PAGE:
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Slow But Steady Growth For 2004

The time of budget-slashing and staff-cutting and re-engineering is finally, finally over, and an economic rebound is in the air.

If the IT world got a fortune cookie for 2004, it would likely read: "Be not afraid of growing slowly; be only afraid of standing still." The time of budget-slashing and staff-cutting and re-engineering is finally, finally over, and an economic rebound is in the air. But after the boom-and-crash cycle at the turn of the millennium, you can't blame IT managers for being wary, and taking their time moving forward. InformationWeek's "IT Confidence Index" hit a two-year high recently, with 82 percent of business-tech managers forecasting revenue growth in 2004, and almost half projecting higher IT budgets.

Technology always has its whiz-bang advances, but the enterprise realm tends to take a more conservative approach than living on the bleeding edge. The year 2004 will be no different, with incremental change being the norm: faster Wi-Fi, with stronger security; getting more bang from old bucks with grid computing; better protection from viruses and spam; maturing, robust Web-services standards; and growing faith in voice over IP (VoIP). Call it slow growth, measured growth, smart growth"just don't call it irrational exuberance.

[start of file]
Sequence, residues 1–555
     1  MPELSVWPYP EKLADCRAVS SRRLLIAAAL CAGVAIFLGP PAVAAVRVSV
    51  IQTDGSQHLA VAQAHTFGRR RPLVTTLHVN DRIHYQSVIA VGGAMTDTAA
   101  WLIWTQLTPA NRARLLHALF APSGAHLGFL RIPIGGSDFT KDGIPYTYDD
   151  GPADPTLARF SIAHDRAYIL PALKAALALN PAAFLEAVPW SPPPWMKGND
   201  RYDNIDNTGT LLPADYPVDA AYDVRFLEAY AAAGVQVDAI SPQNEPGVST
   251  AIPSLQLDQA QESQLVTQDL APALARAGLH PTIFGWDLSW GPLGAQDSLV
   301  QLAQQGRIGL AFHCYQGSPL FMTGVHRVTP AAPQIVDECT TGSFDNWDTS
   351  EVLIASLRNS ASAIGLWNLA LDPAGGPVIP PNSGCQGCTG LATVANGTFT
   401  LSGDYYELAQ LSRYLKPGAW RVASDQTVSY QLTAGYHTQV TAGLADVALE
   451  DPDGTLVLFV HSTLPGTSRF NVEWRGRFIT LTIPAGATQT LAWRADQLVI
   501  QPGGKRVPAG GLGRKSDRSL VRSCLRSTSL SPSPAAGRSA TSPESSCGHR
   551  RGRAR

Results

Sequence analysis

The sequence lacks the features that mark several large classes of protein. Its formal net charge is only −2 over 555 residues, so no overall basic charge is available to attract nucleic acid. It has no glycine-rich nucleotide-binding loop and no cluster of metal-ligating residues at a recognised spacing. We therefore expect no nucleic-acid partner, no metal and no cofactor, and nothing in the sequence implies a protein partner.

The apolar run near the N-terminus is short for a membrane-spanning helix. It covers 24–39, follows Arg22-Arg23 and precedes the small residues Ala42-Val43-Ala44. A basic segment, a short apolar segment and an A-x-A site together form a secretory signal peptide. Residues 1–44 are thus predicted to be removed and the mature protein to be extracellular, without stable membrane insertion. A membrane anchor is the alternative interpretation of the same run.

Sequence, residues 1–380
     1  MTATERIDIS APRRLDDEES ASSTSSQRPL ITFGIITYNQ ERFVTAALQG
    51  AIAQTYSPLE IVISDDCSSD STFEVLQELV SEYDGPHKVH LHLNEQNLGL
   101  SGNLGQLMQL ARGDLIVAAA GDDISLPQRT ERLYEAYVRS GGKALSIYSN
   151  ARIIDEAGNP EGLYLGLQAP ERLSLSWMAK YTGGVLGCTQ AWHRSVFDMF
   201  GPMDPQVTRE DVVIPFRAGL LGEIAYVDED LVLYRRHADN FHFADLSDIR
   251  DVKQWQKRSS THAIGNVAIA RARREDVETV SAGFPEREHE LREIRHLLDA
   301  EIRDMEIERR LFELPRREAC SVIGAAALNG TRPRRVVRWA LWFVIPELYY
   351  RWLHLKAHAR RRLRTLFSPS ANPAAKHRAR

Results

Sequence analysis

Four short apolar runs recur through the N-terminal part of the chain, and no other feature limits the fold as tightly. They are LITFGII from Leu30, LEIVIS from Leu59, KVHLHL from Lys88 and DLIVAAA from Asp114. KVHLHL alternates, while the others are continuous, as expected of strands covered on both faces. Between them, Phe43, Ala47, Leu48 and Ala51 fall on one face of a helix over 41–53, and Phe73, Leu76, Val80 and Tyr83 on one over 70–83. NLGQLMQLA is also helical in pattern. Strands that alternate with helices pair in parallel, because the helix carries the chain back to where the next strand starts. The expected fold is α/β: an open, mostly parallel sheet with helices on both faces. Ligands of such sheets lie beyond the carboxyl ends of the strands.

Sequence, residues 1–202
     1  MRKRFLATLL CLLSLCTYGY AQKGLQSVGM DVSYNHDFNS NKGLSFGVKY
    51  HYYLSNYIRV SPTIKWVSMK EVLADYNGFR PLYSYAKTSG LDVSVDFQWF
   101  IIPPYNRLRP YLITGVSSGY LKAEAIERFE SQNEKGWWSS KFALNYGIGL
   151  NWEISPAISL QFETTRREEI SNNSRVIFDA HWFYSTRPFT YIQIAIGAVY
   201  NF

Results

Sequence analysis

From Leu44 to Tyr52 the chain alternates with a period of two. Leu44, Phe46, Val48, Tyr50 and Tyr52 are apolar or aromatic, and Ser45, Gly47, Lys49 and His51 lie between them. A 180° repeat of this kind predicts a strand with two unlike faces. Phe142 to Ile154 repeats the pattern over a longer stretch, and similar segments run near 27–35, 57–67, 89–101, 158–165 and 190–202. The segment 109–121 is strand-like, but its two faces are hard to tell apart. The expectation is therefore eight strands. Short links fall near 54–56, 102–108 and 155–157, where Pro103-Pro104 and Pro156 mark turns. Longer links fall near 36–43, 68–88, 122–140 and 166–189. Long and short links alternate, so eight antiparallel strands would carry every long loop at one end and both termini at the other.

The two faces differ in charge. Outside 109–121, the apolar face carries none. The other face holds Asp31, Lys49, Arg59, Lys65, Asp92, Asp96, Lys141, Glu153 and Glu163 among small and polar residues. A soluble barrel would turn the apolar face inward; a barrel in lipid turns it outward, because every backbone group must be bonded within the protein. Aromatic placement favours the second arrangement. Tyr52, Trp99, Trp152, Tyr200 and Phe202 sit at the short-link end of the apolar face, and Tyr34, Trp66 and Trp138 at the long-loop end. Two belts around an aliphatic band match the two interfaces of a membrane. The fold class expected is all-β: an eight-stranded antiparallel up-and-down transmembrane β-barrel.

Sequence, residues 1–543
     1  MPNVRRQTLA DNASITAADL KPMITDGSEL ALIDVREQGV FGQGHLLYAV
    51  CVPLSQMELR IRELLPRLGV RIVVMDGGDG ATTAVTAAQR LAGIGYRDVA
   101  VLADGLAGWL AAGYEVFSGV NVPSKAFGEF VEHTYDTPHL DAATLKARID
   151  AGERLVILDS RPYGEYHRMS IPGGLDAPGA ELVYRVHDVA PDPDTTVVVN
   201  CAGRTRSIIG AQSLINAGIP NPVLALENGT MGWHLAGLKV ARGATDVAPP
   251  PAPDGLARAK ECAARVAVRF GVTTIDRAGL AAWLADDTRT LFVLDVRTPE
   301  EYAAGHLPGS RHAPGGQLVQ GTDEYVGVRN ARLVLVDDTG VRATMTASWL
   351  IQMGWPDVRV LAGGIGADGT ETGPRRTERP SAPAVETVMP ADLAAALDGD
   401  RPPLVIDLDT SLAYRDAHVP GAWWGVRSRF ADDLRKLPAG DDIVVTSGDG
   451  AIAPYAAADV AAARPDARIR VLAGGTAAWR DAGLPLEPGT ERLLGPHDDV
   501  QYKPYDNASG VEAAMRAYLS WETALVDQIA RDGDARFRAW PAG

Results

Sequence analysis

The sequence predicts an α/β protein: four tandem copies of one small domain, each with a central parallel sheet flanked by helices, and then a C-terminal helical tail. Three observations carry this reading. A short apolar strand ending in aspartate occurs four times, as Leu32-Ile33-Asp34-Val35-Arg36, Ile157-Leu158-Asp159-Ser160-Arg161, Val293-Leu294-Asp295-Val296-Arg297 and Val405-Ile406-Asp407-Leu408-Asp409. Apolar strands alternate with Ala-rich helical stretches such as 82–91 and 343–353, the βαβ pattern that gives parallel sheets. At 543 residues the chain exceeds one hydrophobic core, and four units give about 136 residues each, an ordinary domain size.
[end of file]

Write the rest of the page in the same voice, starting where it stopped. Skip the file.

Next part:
Mobile & Wireless

The wireless arena has already been red-hot, and improved security should give Wi-Fi even more inroads into the enterprise. A recent study by Infonetics showed that enterprise WLAN equipment sales had surpassed consumer-side sales. The new 802.11i security standard for wireless LANs"due to be ratified by the IEEE next summer"could push even more shops to consider wireless. Plus, the 802.11e standard could lead to voice over WLANs, if the quality-of-service issues can be worked out.

While Cisco and its Linksys division have been a winning combination in business-strength WLANs, other companies, such as 3Com and Netgear, have made noises about stepping up competition"which could lead to lower prices and more choices. Ultra-wideband and wireless mesh networks still won't be ready for prime time in 2004, though the latter might benefit from standards due out next year.

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